On Friday, 20 October 2017, CBC journalist Jacques Poitras reported on a strange, ambiguous press release from the Liberal Premier of New Brunswick, Brian Gallant, and speculated what it might mean. The original press release said that the Premier would meet with the Lieutenant Governor on Monday. This coy phrasing kicked off speculation that the Premier might intend to advise an early dissolution. However, Poitras correctly surmised that the cryptic wording alluded to an upcoming prorogation, short intersession, and new Speech from the Throne.
Public Records Must Be Freely Available
I discovered by attempting to research New Brunswick’s fixed-date election law that the Legislative Assembly of New Brunswick has not uploaded its Debates, Journals, or committee transcripts online. All the other provincial and territorial legislative assemblies make these records freely and publicly available online. Worse still, the Legislative Library of New Brunswick has failed even to send hard copies of its Journals to university libraries since 2005, and it hasn’t sent copies of the Debates since long before then. In other words, New Brunswickers cannot access basic information that would allow them to hold their government and legislative assembly to account. I e-mailed the Speaker of the Legislative Assembly of New Brunswick and requested all records pertaining to the province’s fixed-date election law, which entered into force in 2007. The library did indeed send me all this information promptly. Consequently, Speaker Chris Collins took to Twitter in a vain attempt to shame me publicly for my earlier jokes about the inadequacies of New Brunswick’s record-keeping. He said:
The issue is not whether the Legislative Library responds quickly to requests; the issue is that the library has failed to publish these records so that all New Brunswickers and Canada, or anyone, can access them freely. I should have been able to access all those records myself at 12:07 am or any other time of day that I damn well please. I would go as far as to argue that legislative bodies have a fiduciary duty to publish all records of all proceedings not conducted in camera or in secret sittings. All the other provinces and territories have done their duty; only New Brunswick has not. And the fact that the legislative library sent me these records so quickly — in the form of clean, searchable PDFs, by the way — means that they exist in-house and that the Legislative Library has properly indexed them. It should now simply publish them online. Publishing these records online promotes accountability and neutrality, and it would also unburden the staff at the Legislative Library from carrying out these requests themselves. Furthermore, journalists in New Brunswick ought to care more about this issue and should champion the freedom of information, since their trade depends on it.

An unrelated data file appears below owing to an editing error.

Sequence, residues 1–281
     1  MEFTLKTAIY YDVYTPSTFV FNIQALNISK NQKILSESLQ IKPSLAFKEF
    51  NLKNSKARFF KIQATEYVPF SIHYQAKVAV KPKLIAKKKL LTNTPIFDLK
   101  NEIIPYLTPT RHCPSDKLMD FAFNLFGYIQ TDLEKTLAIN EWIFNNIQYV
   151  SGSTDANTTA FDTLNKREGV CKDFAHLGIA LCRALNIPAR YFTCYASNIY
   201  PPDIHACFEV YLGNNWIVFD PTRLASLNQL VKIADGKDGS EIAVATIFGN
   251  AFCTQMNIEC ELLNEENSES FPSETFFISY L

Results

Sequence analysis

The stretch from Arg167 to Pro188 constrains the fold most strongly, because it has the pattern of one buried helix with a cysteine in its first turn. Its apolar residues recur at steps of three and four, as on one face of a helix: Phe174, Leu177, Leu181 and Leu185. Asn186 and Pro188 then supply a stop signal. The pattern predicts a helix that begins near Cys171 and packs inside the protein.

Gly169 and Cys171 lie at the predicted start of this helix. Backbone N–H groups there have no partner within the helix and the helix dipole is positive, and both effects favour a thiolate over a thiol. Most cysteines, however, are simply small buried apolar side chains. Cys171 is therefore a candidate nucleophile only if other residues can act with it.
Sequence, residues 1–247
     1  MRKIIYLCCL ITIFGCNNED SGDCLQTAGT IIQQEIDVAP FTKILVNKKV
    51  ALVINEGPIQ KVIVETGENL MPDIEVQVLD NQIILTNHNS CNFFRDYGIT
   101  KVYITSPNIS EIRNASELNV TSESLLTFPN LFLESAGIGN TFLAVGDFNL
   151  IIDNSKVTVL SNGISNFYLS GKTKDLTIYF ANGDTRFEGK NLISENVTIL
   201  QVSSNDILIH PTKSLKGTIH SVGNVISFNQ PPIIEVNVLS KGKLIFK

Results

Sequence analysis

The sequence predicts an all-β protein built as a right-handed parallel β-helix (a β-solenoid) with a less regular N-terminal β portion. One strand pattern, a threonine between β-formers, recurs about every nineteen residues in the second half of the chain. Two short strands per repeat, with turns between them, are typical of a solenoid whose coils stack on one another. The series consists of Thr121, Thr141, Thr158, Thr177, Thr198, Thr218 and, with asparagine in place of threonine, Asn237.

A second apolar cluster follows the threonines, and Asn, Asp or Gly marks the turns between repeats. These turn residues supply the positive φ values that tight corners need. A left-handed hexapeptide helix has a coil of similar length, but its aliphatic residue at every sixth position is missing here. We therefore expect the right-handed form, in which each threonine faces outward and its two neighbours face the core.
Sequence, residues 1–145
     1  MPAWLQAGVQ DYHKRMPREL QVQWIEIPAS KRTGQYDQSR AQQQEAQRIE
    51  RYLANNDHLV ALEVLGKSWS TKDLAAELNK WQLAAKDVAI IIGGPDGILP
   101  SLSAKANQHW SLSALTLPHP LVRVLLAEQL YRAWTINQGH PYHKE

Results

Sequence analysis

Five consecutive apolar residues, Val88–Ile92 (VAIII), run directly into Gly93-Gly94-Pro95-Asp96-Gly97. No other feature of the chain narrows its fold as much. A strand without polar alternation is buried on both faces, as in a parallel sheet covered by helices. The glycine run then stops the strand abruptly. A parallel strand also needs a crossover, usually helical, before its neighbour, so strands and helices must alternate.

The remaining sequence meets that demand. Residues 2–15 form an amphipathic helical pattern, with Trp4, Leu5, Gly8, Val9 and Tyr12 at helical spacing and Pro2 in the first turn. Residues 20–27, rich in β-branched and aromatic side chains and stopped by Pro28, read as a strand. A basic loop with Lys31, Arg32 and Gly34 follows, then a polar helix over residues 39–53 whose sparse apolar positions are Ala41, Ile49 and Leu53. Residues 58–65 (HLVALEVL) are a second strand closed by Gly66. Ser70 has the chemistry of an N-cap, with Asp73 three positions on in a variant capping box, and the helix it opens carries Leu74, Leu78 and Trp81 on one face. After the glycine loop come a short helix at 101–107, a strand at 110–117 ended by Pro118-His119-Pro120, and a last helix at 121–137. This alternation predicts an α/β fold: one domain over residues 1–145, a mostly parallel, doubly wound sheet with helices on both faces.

Only an informed citizenry can sustain a liberal democracy.
What Is the Significance of Being a Bad Apple?
Over the last three years or so, I’ve noticed a strange quirk in the debates over police brutality in the United States. Proponents of the police often couch their support in an analogy, which they intend to mean, “Some police officers do bad things, but in general, they are good and do good and shouldn’t all be dismissed as bad simply because some of them are bad.” They mention something about “a few bad apples,” normally without completing the sentence, which makes evaluating the origin of the analogy more difficult.
We should speak not of one O Canada but of the two O Canadas, which represent the two solitudes of English and French Canada. The original French lyrics of Sir Adolphe-Basile Routhier and the English lyrics of Robert Stanley Weir bear no resemblance to each other. The French lyrics celebrate the French Fact and commemorate a glorious crusade to Christianize North America with lines like “he knows to carry the sword; he knows to carry the cross” and “valour steeped in faith”; in contrast, the English lyrics appeal to a Loyalist patriotism, where the “true” in “True North” suggests the virtues of steadfastness and loyalty. Parliament adopted Routhier’s original French text of O Canada and a modified version of Weir’s English version of O Canada as the official national anthem through the National Anthem Act of 1980. The English lyrics derived from the modifications that a Special Joint Committee of the House of Commons and Senate had recommended to Weir’s poem in 1967. The two O Canadas, and the English translation of the French lyrics, are as follows: Continue reading
Peter Baelish infamously described chaos as a ladder which he will climb; in reality, Baelish is not worthy of breaking the wheel, and he’s merely going around in circles. He will soon meet the bad end of fortuna.
George R.R. Martin confirms in this BBC documentary, “Who’s Afraid of Machiavelli?” that The Prince heavily influenced his writing of A Song of Ice and Fire and the general depiction of political intrigue amongst the lords of Westeros.
Some of Machiavelli’s most important and famous lessons on governing come from chapters 15 to 19 of The Prince; they cover those things for which men and especially princes are praised or blamed, of generousness and parsimony, whether it is better to be loved than feared, how the Prince should keep faith, and how to avoid being hated. The quotes below come from Mansfield’s English-language translation of The Prince).